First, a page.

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Issue 72 - A stitch in time

Scotland Magazine Issue 72
December 2013

 

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A stitch in time

The story behind Scotland's great tapestry

In yet another remarkable flash of his unstoppable inspiration, the Scottish writer Alexander McCall Smith has come up with the idea of emulating the celebrated eleventh century Bayeux Tapestry with a contemporary Scottish version using Scottish embroiderers.

The original Bayeux Tapestry, considered to be one of the greatest historic art works of all time, can be seen at the Musée de la Tapisserie de Bayeux in Bayeux in France. A Victorian replica is housed at Reading Museum in England.

Similarly, a contemporary Scottish tapestry showing the journey of Prince Charles Edward Stuart from France to the Scottish Highlands, and onwards to victory at the Battle of Prestonpans in 1745 , had already been completed. Featuring a series of four metre wide embroidered panels, this was the brainchild of the Prestongrange Arts Festival, the Battle of Prestonpans 1745 Heritage Trust and its former Chairman Dr. Gordon Prestoungrange MBE, and the Port Seton-born artist Andrew Crummy.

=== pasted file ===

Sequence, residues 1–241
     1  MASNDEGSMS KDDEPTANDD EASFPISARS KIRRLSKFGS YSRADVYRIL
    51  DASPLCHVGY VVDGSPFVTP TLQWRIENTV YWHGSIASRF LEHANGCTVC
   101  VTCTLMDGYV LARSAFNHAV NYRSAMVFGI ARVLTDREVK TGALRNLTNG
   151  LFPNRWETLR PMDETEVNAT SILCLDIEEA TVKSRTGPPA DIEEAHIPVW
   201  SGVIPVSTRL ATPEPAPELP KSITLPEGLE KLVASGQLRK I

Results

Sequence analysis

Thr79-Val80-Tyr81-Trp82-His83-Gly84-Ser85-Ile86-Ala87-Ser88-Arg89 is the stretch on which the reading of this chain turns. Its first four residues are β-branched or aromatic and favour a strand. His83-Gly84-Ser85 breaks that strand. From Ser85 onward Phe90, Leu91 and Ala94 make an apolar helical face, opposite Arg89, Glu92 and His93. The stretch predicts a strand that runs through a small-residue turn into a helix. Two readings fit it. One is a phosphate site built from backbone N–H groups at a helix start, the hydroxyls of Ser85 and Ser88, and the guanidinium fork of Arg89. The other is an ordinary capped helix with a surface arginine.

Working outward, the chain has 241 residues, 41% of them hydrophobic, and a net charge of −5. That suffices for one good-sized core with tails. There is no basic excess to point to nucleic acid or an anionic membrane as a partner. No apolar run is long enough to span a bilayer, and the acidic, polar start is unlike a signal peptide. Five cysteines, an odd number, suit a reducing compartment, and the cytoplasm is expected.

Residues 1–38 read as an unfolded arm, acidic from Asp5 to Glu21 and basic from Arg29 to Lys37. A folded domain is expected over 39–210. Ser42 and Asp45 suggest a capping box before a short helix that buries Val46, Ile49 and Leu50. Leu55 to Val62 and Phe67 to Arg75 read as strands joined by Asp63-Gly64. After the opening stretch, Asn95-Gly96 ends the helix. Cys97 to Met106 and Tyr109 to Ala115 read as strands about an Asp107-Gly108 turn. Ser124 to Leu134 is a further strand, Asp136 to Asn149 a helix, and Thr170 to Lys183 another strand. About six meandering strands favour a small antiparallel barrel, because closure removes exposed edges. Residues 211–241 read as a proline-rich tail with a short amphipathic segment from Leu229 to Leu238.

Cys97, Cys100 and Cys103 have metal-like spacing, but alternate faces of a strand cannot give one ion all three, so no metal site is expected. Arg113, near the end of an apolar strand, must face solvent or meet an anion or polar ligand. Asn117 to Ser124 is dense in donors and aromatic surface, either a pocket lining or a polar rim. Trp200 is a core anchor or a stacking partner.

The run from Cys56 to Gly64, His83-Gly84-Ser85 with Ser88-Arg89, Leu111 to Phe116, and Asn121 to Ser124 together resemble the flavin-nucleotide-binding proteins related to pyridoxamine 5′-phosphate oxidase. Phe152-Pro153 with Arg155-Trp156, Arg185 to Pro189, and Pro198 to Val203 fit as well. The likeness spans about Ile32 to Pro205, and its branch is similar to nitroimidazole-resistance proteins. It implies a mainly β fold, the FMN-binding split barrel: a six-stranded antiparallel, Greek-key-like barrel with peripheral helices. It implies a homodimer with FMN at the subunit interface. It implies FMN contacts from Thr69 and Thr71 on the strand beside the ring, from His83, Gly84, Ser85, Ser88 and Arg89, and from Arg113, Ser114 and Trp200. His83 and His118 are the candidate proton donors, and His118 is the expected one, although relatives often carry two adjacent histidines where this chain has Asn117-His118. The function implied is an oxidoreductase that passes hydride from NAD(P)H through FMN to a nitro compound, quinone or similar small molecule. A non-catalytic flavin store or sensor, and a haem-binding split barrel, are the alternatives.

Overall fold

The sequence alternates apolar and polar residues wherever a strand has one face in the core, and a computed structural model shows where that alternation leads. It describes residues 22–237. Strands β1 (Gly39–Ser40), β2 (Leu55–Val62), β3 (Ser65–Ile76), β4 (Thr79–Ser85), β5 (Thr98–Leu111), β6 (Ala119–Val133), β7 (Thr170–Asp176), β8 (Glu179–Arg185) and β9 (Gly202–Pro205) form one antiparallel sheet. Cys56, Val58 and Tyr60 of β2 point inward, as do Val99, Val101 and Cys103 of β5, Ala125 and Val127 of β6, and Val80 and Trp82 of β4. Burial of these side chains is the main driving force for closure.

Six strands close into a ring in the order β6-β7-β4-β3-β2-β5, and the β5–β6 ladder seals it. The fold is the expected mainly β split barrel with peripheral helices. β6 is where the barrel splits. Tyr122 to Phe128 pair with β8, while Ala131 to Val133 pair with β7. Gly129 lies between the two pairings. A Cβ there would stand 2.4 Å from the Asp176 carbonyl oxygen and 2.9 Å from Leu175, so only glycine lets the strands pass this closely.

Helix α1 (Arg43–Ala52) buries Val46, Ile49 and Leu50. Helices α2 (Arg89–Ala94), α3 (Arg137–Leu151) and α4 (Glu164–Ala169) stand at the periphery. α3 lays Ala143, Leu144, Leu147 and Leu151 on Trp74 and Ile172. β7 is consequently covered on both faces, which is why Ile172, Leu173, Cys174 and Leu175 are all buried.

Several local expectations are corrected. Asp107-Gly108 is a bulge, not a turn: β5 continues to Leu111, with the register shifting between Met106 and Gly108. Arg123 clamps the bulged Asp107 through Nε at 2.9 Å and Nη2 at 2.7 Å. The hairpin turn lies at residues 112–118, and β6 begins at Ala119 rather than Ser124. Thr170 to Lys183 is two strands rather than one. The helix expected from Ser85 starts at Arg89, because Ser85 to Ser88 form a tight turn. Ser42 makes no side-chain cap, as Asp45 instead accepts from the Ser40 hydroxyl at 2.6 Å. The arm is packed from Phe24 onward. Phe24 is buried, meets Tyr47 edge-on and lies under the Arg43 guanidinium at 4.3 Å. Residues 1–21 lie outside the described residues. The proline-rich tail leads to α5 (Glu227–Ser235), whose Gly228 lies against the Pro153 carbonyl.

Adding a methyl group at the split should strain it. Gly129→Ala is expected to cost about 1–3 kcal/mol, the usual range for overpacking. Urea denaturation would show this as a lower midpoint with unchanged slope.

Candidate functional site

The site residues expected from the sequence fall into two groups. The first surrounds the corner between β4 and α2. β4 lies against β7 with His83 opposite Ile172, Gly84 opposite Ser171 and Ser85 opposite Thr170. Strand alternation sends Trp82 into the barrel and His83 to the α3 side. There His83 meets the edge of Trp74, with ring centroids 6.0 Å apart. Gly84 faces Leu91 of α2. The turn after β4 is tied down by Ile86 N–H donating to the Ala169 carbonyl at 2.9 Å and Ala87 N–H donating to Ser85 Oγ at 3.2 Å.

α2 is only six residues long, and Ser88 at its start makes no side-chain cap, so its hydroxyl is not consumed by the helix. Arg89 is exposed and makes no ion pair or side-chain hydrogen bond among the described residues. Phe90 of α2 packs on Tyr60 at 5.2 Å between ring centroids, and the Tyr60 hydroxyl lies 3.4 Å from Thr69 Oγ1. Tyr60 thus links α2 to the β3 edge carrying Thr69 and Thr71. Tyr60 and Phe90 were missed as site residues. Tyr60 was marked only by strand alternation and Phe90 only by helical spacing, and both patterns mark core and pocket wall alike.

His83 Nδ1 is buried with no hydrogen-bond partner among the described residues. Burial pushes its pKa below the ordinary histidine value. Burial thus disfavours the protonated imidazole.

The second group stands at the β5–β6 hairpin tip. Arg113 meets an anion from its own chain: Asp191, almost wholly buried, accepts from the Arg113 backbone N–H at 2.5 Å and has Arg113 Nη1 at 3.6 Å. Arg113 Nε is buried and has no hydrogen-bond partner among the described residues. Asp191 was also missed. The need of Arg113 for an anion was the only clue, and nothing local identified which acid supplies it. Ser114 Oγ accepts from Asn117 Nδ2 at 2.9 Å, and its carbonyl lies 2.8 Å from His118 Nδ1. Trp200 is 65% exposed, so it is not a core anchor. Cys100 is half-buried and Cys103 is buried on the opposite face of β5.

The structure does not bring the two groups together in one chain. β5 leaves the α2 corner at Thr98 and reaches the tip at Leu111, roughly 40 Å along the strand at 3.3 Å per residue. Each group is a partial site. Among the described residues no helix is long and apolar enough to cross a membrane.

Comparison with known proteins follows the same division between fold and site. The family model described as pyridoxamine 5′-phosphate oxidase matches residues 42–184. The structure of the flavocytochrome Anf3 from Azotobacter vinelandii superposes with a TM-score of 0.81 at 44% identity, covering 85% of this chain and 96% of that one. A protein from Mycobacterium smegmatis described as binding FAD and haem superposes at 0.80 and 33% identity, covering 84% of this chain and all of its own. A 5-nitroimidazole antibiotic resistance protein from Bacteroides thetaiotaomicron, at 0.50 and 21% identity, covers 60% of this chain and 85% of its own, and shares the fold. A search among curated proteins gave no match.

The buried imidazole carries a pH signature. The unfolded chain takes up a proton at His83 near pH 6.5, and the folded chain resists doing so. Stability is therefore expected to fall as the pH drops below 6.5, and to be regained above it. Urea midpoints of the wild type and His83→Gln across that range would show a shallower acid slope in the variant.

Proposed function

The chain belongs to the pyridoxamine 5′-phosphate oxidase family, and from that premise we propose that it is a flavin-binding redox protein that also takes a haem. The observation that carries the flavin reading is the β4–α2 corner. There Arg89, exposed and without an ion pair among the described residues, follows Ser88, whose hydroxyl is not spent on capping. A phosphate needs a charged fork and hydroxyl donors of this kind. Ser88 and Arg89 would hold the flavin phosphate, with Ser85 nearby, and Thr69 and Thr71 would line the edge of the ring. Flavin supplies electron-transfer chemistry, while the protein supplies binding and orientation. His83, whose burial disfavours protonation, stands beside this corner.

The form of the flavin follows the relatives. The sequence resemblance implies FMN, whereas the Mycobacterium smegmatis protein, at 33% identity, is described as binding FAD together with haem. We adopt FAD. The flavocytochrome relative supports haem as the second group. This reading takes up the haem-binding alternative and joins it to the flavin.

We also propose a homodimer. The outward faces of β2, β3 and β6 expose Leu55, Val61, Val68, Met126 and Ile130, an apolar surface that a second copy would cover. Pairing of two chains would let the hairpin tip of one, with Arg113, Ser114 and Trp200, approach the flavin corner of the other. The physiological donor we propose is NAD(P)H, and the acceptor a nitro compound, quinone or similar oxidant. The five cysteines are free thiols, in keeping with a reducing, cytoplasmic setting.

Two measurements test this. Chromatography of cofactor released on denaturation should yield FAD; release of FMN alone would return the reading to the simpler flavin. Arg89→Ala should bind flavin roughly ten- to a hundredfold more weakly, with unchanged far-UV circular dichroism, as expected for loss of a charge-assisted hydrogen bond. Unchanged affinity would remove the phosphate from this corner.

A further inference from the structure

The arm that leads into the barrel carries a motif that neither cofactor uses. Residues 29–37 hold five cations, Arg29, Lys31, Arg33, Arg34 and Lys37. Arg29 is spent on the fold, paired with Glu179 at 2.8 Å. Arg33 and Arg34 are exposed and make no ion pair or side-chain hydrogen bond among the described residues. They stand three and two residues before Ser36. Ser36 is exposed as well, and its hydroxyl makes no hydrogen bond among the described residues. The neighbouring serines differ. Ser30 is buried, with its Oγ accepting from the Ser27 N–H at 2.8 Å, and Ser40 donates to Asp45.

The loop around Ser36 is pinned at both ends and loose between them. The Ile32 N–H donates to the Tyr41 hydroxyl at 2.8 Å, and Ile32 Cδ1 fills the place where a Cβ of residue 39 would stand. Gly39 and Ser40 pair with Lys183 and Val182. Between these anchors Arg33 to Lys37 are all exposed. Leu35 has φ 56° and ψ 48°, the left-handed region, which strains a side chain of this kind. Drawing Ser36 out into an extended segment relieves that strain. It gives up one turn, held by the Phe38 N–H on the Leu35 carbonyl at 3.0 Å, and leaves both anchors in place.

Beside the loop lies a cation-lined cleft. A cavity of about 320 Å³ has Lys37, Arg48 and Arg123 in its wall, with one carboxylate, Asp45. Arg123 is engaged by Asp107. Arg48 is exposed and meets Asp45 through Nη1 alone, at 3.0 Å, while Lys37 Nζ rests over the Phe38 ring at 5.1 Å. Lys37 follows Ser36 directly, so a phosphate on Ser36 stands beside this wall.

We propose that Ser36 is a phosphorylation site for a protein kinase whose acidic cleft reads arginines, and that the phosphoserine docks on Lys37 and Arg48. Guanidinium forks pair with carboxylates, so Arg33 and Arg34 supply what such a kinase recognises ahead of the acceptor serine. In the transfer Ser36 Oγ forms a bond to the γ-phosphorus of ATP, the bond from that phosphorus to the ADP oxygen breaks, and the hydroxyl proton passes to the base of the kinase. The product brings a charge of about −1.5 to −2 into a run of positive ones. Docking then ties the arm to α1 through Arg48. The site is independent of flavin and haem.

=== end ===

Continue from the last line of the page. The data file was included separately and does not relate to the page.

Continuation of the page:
In the case of the Prestonpans Tapestry, currently on tour around Scotland, more than two hundred embroiderers were kept hard at work for over a two-year period, and it was after viewing the end result in 2010 that McColl Smith was inspired to set up a working party and commission The Great Tapestry of Scotland.

Scripted by historian and co-chairman Alistair Moffat, and again with illustrations from Andrew Crummy, The Great Tapestry of Scotland is the longest tapestry in the world to date. Great events, the Picts, Celts, Normans and Vikings, Scottish kings and queens, battles, sheep shearing, the Highland Clearances, scientific advances, Robert Burns, James Clerk Maxwell, and even the tennis star Andy Murray are featured in this ambitious masterpiece.

Co-ordinated by Dorie Wilkie, over 1000 stitchers from across Scotland were conscripted.. With more than 65,000 hours of stitching, and some 300 miles of wool employed, it is the largest community arts project ever to have taken place in Scotland to date. With an official unveiling at the Scottish Parliament in September, The Great Tapestry of Scotland remained on display there and attracted over 30,000 visitors before moving to Cockenzie House in East Lothian (See article page 10). It returns to the Scottish Parliament in July of next year for three months.

Plans are currently afoot to create The Scottish Diaspora Tapestry to illustrate the story of the Scottish Diaspora across twenty five countries, and this is scheduled to be the centrepiece of a major exhibition to be held in Scotland during the 2014 Year of Homecoming.